Tag Archives: 1899

The Art of Papier Mache, 1899

Originally appeared in an 1899 issue of New York Times:

“Yes,” said the little man up town who makes theatrical “Props” and incidentally any number of “props” for other things, “there is nothing like papier maché. It is being used more and more all the time now and there are more and more things for which it can be used. It is the strongest material known for its weight. You see, for anything to use in the theatre you have to have something that is strong and that will stand traveling and being thrown around, and if it is big—columns in the scenery, for instance—it must not only be strong but light, so that it can be moved easily. It must be light anyway. Imagine a band of Amazons traveling around the country with suits of metal armor, or wearing it, either, for that matter. The Amazons would strike, the railroad companies would strike, and the theatrical company would go out of business. There is nothing you can’t make of papier maché, from an elephant to a vase. The greatest trouble is to get the models. Sometimes you send out and get small ones of plaster or marble, and at other times you will have to work from sketches and photographs and use your own ingenuity, working on a geometrical scale for enlargement. Continue reading The Art of Papier Mache, 1899

The San Francisco Grand Opera, 1899

The following article about the Grand Opera in San Francisco originally appeared in The Sunday Call in 1899:

To most people there is an indefinable sense of mystery in the simple phrase “behind the scenes.” Some imagine it to be a vague sort of place peopled with beings who live dual lives, the one either very wicked or much-abused, and the other the artistic and pretty-to-look-upon one of the footlights. To such the theatrical managers appear as abusive hobgoblins whose delight it is to torture and mistreat. That is about as far as such imaginations go; beautiful scenic effects, and the smooth and unbroken succession of harmonious arrangements are taken for granted and expected, with no thought of the vast amount of labor, care, capital, trouble and ingenuity required in the production of an evening’s entertainment for the throngs who come nightly to be amused from the other side of the footlights…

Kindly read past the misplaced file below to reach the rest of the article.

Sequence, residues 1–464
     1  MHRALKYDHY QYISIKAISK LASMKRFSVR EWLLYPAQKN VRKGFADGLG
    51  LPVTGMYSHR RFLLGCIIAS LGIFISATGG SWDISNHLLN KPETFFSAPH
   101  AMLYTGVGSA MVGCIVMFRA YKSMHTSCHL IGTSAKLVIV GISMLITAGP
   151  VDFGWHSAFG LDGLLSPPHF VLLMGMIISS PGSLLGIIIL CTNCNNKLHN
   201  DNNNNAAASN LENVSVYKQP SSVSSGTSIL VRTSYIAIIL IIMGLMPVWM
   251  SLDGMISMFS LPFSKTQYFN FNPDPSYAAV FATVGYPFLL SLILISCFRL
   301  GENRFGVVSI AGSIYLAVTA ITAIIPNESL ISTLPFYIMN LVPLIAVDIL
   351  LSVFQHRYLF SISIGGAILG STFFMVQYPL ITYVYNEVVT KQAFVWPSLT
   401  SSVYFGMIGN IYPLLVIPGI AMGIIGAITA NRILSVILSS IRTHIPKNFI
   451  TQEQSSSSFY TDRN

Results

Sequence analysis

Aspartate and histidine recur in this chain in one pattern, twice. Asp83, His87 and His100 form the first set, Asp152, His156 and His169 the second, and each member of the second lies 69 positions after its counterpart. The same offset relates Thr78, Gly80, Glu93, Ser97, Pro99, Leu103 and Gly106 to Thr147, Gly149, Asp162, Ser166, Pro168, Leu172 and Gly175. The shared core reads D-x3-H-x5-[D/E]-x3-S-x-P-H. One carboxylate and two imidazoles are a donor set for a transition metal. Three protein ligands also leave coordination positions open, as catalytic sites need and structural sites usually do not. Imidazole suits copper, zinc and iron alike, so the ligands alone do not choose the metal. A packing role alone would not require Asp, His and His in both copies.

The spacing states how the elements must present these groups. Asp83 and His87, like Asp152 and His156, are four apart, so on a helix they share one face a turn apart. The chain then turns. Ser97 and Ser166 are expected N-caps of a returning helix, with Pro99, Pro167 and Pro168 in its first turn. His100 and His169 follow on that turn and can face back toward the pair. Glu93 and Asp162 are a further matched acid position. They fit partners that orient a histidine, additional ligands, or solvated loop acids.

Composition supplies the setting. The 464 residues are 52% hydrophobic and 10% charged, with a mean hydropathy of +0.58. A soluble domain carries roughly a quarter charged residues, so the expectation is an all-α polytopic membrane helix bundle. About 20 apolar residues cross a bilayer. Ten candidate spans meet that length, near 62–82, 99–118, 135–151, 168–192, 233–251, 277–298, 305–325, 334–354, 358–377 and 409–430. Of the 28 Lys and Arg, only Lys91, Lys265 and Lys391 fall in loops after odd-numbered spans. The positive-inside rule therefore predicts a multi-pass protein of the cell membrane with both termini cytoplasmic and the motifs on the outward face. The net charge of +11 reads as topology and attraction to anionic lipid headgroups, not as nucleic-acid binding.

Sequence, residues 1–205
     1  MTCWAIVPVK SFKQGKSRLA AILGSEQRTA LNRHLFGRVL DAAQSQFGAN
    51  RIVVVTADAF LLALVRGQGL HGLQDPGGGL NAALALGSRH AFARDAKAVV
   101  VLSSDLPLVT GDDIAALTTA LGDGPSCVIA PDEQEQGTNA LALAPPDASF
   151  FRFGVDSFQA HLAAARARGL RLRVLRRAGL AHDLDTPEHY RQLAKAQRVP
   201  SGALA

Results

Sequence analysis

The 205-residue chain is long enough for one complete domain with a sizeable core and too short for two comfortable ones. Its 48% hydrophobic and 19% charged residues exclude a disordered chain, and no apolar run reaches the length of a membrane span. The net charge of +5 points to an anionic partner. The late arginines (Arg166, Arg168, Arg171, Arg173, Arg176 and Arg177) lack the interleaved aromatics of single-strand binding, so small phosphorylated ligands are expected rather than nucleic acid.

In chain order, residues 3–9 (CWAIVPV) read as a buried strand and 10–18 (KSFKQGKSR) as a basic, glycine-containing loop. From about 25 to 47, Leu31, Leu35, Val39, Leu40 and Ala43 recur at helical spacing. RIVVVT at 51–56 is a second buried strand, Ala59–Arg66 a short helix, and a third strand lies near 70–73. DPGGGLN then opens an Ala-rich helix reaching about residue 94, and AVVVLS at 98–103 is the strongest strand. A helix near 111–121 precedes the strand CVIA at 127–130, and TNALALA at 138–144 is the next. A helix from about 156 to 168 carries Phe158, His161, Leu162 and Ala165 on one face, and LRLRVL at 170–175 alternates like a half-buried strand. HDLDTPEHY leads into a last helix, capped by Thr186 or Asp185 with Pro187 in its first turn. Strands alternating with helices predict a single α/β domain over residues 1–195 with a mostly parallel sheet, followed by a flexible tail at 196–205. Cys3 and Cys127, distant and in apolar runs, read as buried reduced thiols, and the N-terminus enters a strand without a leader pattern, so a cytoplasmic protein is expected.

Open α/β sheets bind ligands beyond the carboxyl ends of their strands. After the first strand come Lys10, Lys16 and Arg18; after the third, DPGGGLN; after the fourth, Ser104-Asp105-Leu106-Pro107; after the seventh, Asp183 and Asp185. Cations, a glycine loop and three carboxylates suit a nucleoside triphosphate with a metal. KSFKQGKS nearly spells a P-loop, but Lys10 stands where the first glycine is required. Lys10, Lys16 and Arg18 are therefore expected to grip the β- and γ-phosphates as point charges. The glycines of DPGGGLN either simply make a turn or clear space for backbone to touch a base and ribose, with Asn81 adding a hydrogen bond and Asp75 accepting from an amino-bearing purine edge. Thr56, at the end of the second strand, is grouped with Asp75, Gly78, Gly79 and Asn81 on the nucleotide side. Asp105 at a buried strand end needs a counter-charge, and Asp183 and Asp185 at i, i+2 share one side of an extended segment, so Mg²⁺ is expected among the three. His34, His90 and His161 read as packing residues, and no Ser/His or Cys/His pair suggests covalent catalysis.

Property Department viewed from the south
Property Department viewed from the south

Yards and yards of canvas, bolts of calico, rolls and rolls of paper, kegs and pots of paint, and a succession of other paraphernalia poured in from all sides, and were pounced upon by the different departments and carried away, to be utilized and transformed into settings and scenery…

James S. Cannon, Property Master, designing for the Christmas spectacle, "Sinbad"
James S. Cannon, Property Master, designing for the Christmas spectacle, “Sinbad”

Mr. James Cannon, the inventive genius of the stage, and the master property man, went about inspecting his great thunder drum, the big wheel and its silk flap which is the source of the wintry wind which whistles out from behind the scenes and causes one to turn up one’s coat collar—the apparatus which so closely imitates the breaking of the waves against the crags, and the numberless other apparatus for adding to the realistic nature of the performance. From his modeling room on a level with the gallery, to his little electrical room below ground, Mr. Cannon was busy with his rounds. His was the task of casting plaster models of the stage properties to be used in the various scenes, and to keep everything going harmoniously.

Originally published as “In the Workshops Behind the Scenes”, The Sunday Call, San Francisco, December 24, 1899, pg 2. Photos by Alishy.